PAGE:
The recently launched low-price devices will also help the company's operations in India. For instance, the iPhone 11 starts $50 below the iPhone XR. Also, the price of the iPhone X has been reduced to $599 from $999 and the iPhone 8 will now cost $449.

The expected economic growth in the country will also be a driver for smartphone manufacturers as the rise of a middle-income society will lead to higher discretionary spending on luxury items. PricewaterhouseCoopers projects the Indian economy will grow faster than the U.S. and China in the next decade, and eventually become the second-largest economy in the world by 2050. This will be a tailwind for Apple.

There is a lot of room to grow in this market as well. For instance, the smartphone penetration in India as a share of total mobile phone users is 29% as of the second quarter, according to data from Statista. However, this is expected to improve to 36.2% by 2022, which presents an opportunity for Apple to drive revenue even if the market share does not grow.

The company is trying to tap into the over-the-top video streaming industry in India as well. Apple TV+, which will be launched globally on Nov. 1, will only cost $4.99 per month in India, whereas Netflix (NFLX), Amazon Prime and Hulu all charge upward of $10 per month for a subscription. The lower starting price coupled with top-quality shows and movies should help the company gain traction.

Apple's valuation is a bit tricky, but long-term investors need not be worried

Shares are trading at the highest price-earnings ratio it has traded in the last five years (20.8), which should catch some investors' attention. The company certainly has growth prospects resulting from its attempts to emerge as a services company. Apple is tapping into the billion-dollar health care industry, and the wearables segment, which includes Air Pods and Watch, is also growing. However, the company revealed last year that the number of iPhones sold is declining.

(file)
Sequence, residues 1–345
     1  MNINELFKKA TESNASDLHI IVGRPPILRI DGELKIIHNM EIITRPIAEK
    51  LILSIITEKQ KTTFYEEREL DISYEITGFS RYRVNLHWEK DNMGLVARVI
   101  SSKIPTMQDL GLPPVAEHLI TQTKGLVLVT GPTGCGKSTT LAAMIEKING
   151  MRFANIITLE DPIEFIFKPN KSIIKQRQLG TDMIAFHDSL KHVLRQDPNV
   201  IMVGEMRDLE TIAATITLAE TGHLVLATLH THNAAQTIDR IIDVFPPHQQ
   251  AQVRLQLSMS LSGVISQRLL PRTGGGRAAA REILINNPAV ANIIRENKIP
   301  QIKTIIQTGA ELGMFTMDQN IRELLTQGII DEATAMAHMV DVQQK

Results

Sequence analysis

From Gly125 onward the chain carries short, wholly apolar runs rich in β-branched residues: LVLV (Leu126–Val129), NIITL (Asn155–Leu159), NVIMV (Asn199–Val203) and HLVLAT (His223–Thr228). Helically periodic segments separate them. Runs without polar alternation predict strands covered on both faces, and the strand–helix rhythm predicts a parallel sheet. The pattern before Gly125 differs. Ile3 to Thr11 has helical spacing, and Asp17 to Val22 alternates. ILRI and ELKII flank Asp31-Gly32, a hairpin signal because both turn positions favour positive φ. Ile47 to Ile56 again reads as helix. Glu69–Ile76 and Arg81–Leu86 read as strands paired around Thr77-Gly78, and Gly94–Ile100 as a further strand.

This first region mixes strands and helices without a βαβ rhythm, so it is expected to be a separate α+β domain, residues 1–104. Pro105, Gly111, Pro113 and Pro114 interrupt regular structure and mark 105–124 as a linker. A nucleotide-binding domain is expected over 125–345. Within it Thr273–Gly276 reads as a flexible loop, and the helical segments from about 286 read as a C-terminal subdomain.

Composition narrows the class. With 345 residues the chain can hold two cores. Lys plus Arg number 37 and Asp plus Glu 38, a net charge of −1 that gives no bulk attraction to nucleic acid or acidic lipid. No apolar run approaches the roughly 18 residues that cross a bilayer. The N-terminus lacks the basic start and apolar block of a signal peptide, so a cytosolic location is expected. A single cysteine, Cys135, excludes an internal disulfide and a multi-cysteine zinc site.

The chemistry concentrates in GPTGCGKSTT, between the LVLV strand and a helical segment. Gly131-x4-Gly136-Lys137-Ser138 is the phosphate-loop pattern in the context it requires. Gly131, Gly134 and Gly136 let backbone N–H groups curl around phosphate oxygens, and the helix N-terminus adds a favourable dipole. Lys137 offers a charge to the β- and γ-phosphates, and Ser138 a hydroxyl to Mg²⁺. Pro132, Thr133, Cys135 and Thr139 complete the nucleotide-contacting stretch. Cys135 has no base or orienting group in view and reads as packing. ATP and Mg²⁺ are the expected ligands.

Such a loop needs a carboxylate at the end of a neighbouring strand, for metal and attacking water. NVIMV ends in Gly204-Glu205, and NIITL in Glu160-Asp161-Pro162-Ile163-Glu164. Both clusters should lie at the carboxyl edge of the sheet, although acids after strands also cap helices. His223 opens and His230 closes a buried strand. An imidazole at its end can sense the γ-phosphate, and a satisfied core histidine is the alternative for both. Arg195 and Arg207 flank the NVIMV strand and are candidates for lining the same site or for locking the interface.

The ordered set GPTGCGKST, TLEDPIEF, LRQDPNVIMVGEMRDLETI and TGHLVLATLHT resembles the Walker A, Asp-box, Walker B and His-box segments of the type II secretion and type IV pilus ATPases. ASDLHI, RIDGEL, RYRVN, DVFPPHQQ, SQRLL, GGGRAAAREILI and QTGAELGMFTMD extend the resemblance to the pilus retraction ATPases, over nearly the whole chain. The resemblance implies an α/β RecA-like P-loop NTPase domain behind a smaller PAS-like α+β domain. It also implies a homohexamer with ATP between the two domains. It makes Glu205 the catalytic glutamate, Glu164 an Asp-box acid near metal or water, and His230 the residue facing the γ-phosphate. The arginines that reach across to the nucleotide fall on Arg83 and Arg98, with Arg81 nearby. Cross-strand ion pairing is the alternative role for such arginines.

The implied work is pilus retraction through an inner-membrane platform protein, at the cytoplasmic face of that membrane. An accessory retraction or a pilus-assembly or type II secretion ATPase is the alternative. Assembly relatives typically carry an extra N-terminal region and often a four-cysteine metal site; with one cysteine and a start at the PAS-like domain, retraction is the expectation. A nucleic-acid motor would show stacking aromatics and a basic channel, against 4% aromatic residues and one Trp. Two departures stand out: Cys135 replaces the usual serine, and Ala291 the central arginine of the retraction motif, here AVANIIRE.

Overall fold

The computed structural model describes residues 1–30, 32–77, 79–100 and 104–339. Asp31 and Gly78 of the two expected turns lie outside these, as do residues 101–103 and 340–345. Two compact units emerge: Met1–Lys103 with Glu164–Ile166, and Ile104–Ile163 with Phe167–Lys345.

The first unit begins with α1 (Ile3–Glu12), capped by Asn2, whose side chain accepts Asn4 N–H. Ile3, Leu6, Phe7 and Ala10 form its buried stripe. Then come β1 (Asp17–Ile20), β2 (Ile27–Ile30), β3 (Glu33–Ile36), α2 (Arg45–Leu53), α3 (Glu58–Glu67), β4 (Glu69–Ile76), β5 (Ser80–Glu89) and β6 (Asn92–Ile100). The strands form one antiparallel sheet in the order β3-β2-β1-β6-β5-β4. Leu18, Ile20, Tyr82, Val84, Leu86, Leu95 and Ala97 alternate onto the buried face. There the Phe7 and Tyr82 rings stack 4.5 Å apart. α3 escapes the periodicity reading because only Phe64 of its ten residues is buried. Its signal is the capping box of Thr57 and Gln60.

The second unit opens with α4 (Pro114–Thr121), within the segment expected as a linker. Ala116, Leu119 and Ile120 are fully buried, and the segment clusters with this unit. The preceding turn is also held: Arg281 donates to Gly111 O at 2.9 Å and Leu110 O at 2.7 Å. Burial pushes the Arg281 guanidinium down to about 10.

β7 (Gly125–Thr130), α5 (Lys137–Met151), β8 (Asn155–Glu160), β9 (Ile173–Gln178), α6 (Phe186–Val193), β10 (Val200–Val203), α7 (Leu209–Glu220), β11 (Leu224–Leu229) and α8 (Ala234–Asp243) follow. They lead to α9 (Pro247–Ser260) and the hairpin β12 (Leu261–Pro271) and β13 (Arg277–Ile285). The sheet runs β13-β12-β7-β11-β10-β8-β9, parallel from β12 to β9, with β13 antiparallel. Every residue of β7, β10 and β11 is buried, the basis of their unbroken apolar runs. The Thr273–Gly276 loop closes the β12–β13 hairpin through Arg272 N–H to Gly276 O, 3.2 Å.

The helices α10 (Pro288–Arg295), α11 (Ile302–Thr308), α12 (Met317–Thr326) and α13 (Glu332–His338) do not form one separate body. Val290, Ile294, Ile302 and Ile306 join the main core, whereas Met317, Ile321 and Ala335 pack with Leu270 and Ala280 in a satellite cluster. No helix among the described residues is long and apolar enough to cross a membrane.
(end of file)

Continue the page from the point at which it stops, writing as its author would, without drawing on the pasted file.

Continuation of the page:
According to data from Reuters, the median analyst estimate for Apple's stock is $233, so the share price of around $237 on Wednesday suggests that shares are fairly priced. However, long-term investors would still be able to unlock value when the company reaps the benefits of its improving prospects in India while gaining traction in its target industries such as health care and video streaming.


For the first time in India, Apple is in an excellent position to grow its revenue and earnings. Management has identified this opportunity and has launched devices and subscription services with a view of gaining market share in this region. Even though shares are fairly valued, long-term-oriented investors should still be bullish on the company's prospects.

Disclosure: I own Apple.

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This article first appeared on GuruFocus.